Wednesday, February 25, 2015

Wednesday's Links to Writing & Marketing Blog Posts


By: S. Jae-Jones

Where do you get your ideas from? is a question writers commonly receive, and is probably one of the hardest ones to answer. Part of that is because the Idea Generation process is different from writer to writer, and part of it is because many of us simply don’t know. We might as well say we get our ideas from ID√čA, the Scandinavian idea superstore. Makes as much sense as anything else we might say.

However, speaking with other writers over the course of the past few months, I’ve noticed that many of us don’t lack for ideas; we just don’t know how to turn those ideas into novels. This is something I’ve struggled with on a current work-in-progress: I’ve had ideas about this book for years (eight years and eight completely rewritten drafts, to be precise), but it wasn’t until a few months ago that I finally figured out how to wrangle the Idea into an actual Novel.

When I look back at all the books I’ve written (finished, that is), I tried to pick apart why I managed to reach the end of this particular story when that one was an abject failure. Because I like programs and formulas and systems-building (even though I hate math), I managed to distill Idea Generation into three components.

Characters, Premise, Plot.

Sounds pretty simple, of course. All books have these three components, but identifying these components is sometimes harder than you think. (Or it was for me, anyway.) If your novel has two of these three components, then the odds of you being able to finish writing it are pretty high. However, if your novel has only one of them, then you’ll probably find yourself floundering somewhere in the dreaded “sagging middle”.

First, some definitions:

. . .

Read the full article HERE!
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If you missed my writing & marketing tweets and retweets yesterday, here they are again:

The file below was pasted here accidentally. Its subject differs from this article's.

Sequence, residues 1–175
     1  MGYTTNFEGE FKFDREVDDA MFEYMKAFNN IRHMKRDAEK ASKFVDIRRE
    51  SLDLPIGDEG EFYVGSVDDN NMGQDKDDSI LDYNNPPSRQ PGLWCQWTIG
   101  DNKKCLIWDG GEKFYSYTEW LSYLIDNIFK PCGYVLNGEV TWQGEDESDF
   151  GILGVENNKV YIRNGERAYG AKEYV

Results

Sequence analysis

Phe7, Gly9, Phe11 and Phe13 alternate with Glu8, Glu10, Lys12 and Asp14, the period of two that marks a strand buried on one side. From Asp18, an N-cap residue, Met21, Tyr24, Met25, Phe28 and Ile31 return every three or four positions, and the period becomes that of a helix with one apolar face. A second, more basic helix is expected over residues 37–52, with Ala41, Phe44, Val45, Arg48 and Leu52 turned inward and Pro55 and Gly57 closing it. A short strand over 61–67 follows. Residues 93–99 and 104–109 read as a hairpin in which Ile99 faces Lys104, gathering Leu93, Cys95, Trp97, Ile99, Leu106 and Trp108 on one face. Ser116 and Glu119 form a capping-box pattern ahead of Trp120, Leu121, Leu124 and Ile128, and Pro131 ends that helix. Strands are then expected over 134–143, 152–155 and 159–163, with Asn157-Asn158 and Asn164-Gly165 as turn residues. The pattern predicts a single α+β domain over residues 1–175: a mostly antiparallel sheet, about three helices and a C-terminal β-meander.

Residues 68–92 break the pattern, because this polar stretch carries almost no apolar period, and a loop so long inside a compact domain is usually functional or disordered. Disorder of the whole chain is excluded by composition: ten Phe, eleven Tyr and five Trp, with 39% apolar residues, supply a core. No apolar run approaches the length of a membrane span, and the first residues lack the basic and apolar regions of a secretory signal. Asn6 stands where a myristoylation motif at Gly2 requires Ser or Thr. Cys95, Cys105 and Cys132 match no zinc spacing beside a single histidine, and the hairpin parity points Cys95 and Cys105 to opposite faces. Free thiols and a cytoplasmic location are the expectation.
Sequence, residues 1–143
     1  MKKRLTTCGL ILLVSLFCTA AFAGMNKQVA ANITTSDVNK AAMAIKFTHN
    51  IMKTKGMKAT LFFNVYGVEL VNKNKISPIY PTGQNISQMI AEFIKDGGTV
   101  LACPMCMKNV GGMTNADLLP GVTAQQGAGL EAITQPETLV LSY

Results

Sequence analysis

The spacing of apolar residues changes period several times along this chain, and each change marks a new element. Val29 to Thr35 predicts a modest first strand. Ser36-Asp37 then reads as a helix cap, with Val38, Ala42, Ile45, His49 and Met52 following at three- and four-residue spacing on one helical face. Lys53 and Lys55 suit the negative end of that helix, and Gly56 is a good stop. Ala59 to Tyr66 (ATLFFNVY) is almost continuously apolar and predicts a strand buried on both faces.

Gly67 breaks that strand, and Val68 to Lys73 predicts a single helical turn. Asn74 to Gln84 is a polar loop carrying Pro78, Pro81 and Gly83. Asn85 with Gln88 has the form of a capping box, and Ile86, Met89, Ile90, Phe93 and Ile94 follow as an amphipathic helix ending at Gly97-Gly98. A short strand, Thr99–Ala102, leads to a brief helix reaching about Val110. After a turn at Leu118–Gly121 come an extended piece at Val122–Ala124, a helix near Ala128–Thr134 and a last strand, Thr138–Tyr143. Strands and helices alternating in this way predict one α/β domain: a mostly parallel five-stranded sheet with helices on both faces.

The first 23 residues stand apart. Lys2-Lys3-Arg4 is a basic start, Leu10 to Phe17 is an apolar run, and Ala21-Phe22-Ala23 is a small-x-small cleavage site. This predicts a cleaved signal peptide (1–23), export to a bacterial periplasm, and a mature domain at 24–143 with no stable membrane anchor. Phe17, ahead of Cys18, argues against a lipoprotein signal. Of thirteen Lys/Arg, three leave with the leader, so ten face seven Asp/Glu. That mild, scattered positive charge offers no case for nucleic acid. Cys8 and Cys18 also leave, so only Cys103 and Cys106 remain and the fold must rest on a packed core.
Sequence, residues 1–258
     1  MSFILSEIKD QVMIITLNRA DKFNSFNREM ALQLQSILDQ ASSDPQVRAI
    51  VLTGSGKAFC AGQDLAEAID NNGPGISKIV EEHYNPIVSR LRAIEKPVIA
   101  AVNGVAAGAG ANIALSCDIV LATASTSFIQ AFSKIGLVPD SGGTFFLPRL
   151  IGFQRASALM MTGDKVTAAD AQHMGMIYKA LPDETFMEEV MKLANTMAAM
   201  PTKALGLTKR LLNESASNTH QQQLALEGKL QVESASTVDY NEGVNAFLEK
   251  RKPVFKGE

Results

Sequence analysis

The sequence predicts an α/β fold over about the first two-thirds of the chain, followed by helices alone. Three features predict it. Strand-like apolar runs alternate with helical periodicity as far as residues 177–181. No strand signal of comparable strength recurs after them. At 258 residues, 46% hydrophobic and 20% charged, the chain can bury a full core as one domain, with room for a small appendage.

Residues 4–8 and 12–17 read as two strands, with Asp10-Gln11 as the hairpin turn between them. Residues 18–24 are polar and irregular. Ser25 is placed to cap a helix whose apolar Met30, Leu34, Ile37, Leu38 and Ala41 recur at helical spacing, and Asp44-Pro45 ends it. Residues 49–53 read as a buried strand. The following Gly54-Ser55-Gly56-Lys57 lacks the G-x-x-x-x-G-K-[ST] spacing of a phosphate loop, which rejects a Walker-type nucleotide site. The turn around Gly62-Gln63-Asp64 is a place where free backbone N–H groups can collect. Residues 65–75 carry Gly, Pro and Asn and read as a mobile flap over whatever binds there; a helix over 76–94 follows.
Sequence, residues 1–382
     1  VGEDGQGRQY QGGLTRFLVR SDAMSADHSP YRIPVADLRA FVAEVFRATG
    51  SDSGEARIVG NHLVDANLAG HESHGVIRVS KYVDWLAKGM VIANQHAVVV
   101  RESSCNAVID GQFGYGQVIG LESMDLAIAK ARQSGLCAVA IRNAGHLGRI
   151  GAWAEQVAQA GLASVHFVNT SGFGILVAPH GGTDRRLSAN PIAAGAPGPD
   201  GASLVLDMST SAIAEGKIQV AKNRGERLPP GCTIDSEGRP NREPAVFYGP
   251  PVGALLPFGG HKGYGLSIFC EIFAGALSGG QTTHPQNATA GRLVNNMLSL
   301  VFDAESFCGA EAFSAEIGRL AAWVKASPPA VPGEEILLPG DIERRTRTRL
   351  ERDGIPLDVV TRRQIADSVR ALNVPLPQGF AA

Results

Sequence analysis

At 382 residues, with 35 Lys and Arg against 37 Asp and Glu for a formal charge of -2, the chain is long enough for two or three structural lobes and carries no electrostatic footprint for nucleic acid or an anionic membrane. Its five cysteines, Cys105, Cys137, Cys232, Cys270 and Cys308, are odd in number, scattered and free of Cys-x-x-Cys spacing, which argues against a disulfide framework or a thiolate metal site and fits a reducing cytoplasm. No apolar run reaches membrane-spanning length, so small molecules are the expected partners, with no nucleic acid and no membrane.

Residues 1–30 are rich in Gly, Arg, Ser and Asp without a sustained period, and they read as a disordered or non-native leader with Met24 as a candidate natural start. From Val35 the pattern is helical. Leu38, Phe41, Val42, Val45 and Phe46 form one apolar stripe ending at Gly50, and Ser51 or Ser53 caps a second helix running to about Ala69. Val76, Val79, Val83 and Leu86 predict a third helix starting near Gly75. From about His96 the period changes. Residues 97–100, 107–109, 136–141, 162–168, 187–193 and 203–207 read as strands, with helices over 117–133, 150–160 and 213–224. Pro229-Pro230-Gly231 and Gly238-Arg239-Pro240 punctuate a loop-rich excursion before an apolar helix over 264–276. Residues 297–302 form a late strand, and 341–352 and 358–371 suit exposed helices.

1. How Much Should Authors Interact with Readers? | Official Author Website of Melissa McPhail http://ow.ly/JB7ls
  2. What Scares You about Writing or Publishing? | Jami Gold, Paranormal Author http://ow.ly/JB7Dr
  3. Author v. Them: When to Revise for Critiquers http://ow.ly/JBZwD
  4. 5 Facts About Your Book’s Ranking on Amazon | Savvy Book Writers http://ow.ly/JC0ow
  5. Anne R. Allen's Blog: Should You "Send Out" that First Novel? 9 Things to Consider First http://ow.ly/JC0uP
  6. The Big Idea: How to Find the Right Idea to Turn into a Book http://ow.ly/JC0yl
  7. Fiction University: Getting the Best Response From Your Characters http://ow.ly/JC0J1
  8. Bang2Write | 33 Experts Share What They Want Next From Female Characters http://ow.ly/JC13n
  9. The Art of Writing is Rewriting: How To Be Your Own Editor SFWC15 | Or So It Seems… ™ http://ow.ly/JC184
  10. How Authors Can Use Listmania to Promote Their Book | Selling Books http://ow.ly/JC1fb
  11. Book Machine: Time to bury the ISBN? http://ow.ly/JCanc
  12. Women in publishing -- achievements and challenges | The Bookseller http://ow.ly/JCaw9
  13. Creating An Author Business Plan: Setting Your Goals - Marcy Kennedy http://ow.ly/JCaC5
  14. Writability: How to Import Word Comments into Scrivener http://ow.ly/JCaH1
  15. How To Publish A Book Bundle On Kindle http://ow.ly/JCaKv
  16. The Kind of Platform You Should Be Building http://ow.ly/JCaTX
  17. The Book Designer — Practical Advice to Help Self-Publishers Build Better Books http://ow.ly/JCaZj
Happy writing and running, Kathy

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